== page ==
Pfizer Notches Breakthrough Status in Race to an RSV Vaccine


Pfizer has announced Thursday that it received Breakthrough Therapy Designation from the U.S. Food and Drug Administration for its vaccine candidate PF-06928316 (RSVpreF), intended to prevent infections caused by a respiratory syncytial virus (RSV). Receiving this designation primes the vaccine candidate for expedited development and review by the FDA.

The respiratory syncytial virus is a common respiratory virus that causes mild, cold-like symptoms in most individuals but can have severe consequences for infants and older adults. According to the Centers for Disease Control and Prevention, RSV is the most common cause of bronchitis and pneumonia in children younger than one year of age in the United States and hospitalizes an estimated 177,000 older adults each year. The best prevention against infection with RSV is proper handwashing and avoiding contact with sick individuals.

Pfizer is looking to change prevention strategies with its vaccine candidate RSVpreF. In Sept. 2021, the company launched a Phase III clinical trial evaluating the efficacy, immunogenicity and safety of a single dose of RSVpreF in adults aged 60 and older. While the study is still ongoing, the FDA designated Breakthrough status by evaluating the results of a Phase IIa proof-of-concept study investigating the efficacy of a single dose of the vaccine in healthy adults aged 18 to 50 exposed to a human viral challenge.

“Today’s decision is a significant step forward in our efforts to help protect vulnerable populations, particularly older adults, against certain potentially serious respiratory illnesses, including RSV,” Kathrin U. Jansen, PhD, senior vice president and head of vaccine research and development at Pfizer, said. “The clinical and economic burden of RSV represents a critical need, and we look forward to our ongoing dialogue with the FDA to accelerate the development of our RSV vaccine candidate.”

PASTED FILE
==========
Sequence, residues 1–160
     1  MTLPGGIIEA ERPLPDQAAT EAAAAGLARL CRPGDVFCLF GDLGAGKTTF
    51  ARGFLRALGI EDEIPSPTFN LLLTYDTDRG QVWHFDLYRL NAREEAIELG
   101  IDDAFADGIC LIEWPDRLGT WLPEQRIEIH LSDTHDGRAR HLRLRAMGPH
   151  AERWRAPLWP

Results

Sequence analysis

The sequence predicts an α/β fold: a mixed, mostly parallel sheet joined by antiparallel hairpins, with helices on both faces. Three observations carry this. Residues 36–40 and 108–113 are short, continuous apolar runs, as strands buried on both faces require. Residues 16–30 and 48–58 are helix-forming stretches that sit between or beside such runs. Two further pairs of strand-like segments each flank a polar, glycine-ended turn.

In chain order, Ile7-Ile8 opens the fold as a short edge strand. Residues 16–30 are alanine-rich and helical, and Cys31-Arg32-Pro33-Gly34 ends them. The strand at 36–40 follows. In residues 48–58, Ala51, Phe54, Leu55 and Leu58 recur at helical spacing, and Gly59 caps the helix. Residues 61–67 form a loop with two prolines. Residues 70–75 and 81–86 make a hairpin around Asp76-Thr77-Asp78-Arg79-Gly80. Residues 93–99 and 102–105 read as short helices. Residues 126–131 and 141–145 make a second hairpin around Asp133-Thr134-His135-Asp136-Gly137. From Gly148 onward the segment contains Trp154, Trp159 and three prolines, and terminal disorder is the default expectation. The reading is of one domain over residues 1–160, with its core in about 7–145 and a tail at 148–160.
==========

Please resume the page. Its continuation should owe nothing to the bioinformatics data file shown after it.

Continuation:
The vaccine utilizes a viral fusion protein that RSV uses to attack human cells. The National Institutes of Health found that antibodies specific to the prefusion form of the viral protein were highly effective at blocking virus infection that Pfizer used to inform its investigations of proteins for its vaccine. Pfizer tested numerous versions of the viral protein and identified those that elicited a strong immune response in pre-clinical evaluations and has stated that RSVpreF is composed of two preF proteins selected to optimize protection against both RSV A and B.

Pfizer is one of several biopharmaceutical companies that have recently announced RSV vaccine development programs. Earlier this month, Moderna announced a new vaccine development program that would target RSV, SARS-CoV-2 and influenza virus in a single-dose annual booster using mRNA technology. Preceding that announcement were similar declarations by Bavarian Nordic and Nuance Pharma who have partnered to develop and commercialize MVA-BN, a vaccine against RSV, in Asian countries. Primmune Therapeutics also recently presented data on its RSV vaccine candidate PRTX007 which is being evaluated in an ongoing first-in-human clinical trial.

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Further along in its RSV vaccine development is the duo of Sanofi and AstraZeneca, who recently shared positive results from a Phase III clinical trial evaluating nirsevimab in infants. The companies’ candidate, a long-acting antibody aimed to protect infants against RSV infection during their first “season” of the virus, showed a 74.5% lower incidence of RSV-caused lower respiratory tract infections. The companies have reportedly begun regulatory applications.

As of this writing, 46 clinical trials evaluating interventions for RSV are recruiting, including vaccines for prevention and therapeutics designed to lessen the impact of infection in infants and older adults. A preventative and treatment for RSV may be just around the corner.


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